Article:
Save a lot of Green While Going Green with a Dual-fuel System
When we say “dual-fuel system,” what are we talking about? Specifically, we are referring to a dual-fuel heat pump. It’s a hybrid heating and cooling system that combines a traditional heat pump with a furnace to create an energy-efficient HVAC unit that is usable year-round. Bonus: it saves energy, which not only helps the environment, but lowers your utility bills. (Read to the end to learn more about current tax credits and rebates!)
What is a dual fuel heating system and how does it work?
As aforementioned, a dual fuel heating system is a hybrid system made-up of both an electric heat pump and a gas furnace. Depending on factors such as:
- the season
- the temperature
- the function needed
the system alternates between using the heat pump and the furnace to maximize efficiency and effectively heat and cool your home year round.
In the summer, the heat pump works like a central air conditioner by transferring hot air out of your home until your thermostat reads the desired temperature. In spring and fall, the heat pump provides cost-efficient heat during cooler, milder temperatures.
Yet, eventually winter and extremely cold temperatures set in, and the gas furnace becomes more efficient at heating than the heat pump. At this point, the thermostat senses the cold outdoor temperature and automatically switches on the gas furnace and switches off the heat pump, maximizing the efficiency of your heating system.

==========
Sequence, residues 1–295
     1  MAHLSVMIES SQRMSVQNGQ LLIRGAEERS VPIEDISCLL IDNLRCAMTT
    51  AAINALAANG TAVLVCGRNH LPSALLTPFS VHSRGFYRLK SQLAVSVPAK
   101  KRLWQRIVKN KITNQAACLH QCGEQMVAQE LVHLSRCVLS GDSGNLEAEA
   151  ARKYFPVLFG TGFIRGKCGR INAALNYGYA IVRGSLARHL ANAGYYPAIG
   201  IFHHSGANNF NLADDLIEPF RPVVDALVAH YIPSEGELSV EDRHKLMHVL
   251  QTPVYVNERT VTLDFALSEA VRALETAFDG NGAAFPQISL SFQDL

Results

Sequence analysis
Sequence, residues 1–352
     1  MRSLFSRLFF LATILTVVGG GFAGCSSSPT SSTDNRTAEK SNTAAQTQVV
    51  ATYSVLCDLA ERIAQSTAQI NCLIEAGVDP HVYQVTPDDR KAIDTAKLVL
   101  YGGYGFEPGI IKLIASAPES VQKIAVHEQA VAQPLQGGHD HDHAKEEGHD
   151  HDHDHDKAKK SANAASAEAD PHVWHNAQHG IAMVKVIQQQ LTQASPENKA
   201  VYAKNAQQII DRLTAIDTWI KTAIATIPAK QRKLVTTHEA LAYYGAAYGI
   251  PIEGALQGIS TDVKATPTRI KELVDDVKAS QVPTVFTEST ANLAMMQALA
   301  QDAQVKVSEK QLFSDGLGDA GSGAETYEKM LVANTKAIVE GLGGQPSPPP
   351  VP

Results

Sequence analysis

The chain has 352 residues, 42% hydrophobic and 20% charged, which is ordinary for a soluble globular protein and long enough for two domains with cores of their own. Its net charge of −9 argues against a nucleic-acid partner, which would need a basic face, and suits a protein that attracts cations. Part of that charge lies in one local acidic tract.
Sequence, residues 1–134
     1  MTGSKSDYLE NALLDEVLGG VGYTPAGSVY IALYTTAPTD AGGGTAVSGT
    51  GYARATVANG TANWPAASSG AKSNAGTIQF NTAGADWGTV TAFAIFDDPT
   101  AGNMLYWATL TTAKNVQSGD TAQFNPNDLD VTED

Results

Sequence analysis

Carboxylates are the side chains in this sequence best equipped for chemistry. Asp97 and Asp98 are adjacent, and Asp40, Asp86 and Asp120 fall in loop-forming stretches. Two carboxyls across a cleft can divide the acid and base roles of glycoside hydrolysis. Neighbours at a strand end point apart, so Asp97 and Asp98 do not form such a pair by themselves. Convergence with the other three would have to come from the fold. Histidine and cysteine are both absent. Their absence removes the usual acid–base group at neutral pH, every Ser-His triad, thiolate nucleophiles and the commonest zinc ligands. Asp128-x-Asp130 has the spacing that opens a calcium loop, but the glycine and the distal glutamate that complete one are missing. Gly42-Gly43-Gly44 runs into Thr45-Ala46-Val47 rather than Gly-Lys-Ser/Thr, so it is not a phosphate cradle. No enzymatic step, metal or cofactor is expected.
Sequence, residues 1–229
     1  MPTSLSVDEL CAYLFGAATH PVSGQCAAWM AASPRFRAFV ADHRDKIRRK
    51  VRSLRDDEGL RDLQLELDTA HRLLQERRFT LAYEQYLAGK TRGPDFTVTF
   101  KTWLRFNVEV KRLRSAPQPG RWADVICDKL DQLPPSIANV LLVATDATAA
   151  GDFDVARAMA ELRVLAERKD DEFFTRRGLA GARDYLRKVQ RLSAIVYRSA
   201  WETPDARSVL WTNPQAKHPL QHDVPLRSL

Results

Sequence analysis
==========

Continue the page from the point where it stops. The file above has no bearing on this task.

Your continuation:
Which is best? Furnace, Heat Pump or Dual-Fuel?
Which is “best” really means which is the right choice for your dwelling based on the conditions you experience. Those that live in the South don’t experience cold temperatures exactly the same as those in the North do, and that has to be taken into account. Read on to determine which system is right for your situation.
A furnace creates heat by burning a fuel source, like propane or natural gas. That heat is pushed into the surrounding air to both warm the air and distribute it throughout the home. Because furnaces only produce heat, homeowners usually need a separate air conditioning system to cool their home in the warmer months.
Furnaces have around 95% energy efficiency and lengthy lifespans (more than 20 years) compared to other heating devices because they’re used for only a few months out of the year. While they aren’t too expensive to install, your home does need to have access to natural gas or propane for a furnace to function. If it doesn’t, the process to access a natural gas source will drive up the installation cost.
Heat pumps perform both heating and cooling functions, so this one HVAC device covers your home year round. Heat pumps are flexible systems, so they’re able to adapt to changes in the weather. For example, when it’s cold out, heat pumps extract whatever heat is in the outside air and transfer it into the home. When the temperatures are warmer, they switch to a cooling function by removing hot air from the home. Because they work year round, heat pumps have a shorter lifespan than furnaces (around 15 years).
When outdoor temperatures are close to or are freezing, heat pumps have to work for more time to bring heat into your home, which increases utility bills. Yet, according to the Department of Energy, heat pumps are still considered to be an energy efficient HVAC device since they can reduce electricity use for heating by about 50% compared to furnaces. So, for homeowners in milder climates, a heat pump is a logical choice.